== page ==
Emilio was diagnosed with a chronic kidney disease of non-traditional origin, also known as Mesoamerican nephropathy (MeN). The disease causes a progressive loss of kidney function, affecting the kidneys’ ability to perform vital functions such as ridding the body of waste and toxic substances. MeN is endemic in Central America and has caused tens of thousands of deaths in the region in the last two decades.
While little is known about the cause of MeN, it’s thought to be predominantly linked to occupation, and there is growing evidence that points to strenuous work, heat, and insufficient rehydration as risk factors.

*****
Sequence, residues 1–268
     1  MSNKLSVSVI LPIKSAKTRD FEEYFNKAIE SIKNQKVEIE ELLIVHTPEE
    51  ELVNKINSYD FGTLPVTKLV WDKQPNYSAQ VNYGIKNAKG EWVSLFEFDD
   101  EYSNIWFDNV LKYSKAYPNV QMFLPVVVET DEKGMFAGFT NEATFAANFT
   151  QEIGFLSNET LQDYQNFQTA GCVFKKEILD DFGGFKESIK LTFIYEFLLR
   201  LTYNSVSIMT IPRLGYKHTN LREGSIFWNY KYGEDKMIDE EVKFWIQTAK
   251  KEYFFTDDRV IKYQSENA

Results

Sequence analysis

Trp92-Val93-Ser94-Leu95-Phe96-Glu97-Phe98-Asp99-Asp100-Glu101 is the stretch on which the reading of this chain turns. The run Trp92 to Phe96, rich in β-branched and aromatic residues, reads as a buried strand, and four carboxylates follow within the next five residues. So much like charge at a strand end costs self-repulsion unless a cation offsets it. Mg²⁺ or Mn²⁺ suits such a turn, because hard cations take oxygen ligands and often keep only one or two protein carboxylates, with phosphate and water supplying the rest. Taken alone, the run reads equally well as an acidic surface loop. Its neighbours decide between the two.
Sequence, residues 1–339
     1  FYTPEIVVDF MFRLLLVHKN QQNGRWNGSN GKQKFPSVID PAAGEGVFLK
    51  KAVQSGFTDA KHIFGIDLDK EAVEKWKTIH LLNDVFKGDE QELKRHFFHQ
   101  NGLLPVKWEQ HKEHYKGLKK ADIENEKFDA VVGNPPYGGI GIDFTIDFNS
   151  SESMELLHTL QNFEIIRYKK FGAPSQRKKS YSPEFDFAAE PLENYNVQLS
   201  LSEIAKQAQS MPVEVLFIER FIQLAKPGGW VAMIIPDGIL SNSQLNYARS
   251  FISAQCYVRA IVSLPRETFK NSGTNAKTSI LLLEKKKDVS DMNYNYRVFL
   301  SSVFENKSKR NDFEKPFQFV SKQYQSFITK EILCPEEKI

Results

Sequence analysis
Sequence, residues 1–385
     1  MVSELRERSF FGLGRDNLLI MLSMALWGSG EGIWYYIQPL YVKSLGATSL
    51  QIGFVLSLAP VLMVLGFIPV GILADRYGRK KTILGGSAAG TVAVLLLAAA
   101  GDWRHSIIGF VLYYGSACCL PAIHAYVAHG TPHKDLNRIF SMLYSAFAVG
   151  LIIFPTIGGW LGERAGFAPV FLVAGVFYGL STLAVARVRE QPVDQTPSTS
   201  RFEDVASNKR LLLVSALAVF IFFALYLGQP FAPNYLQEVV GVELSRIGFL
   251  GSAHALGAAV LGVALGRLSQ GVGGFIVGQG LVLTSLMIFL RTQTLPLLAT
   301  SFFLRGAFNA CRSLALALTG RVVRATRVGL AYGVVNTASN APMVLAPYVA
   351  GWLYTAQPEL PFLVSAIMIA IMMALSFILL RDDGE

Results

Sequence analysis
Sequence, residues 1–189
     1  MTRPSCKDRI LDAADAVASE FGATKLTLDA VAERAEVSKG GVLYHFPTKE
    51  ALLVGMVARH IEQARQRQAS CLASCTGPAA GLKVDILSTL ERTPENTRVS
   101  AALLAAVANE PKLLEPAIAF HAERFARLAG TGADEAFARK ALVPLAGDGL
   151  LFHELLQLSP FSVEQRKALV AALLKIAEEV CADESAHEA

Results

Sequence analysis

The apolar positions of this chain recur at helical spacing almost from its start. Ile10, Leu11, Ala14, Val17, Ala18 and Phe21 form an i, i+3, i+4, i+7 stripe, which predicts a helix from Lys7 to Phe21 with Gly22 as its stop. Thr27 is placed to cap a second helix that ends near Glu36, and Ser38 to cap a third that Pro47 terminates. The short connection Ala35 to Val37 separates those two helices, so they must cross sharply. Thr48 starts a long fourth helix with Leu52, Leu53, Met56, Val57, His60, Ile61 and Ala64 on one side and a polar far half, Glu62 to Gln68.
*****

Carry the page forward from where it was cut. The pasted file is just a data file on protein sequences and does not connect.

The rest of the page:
“[It] differs from chronic kidney disease because it [predominantly] affects young men without a history of chronic disease, who generally work in agricultural crops, in extreme physical conditions, with high temperatures, in impoverished environments," said Dr. Frida Romero, a medical anthropologist with Doctors Without Borders/Médecins Sans Frontières (MSF).
Escuintla Department, a site of agricultural production, has the second-highest prevalence of chronic kidney disease (CKD) in Guatemala. In August 2021, MSF began health promotion campaigns in Escuintla to raise awareness about the disease—predominantly within communities most at risk, including sugar cane workers and people living near agriculture fields. MSF teams also screen, diagnose, and provide direct medical care to people in the early stages of the disease in the community and in local health centers in La Gomera, La Democracia, and Sipacate municipalities in Escuintla.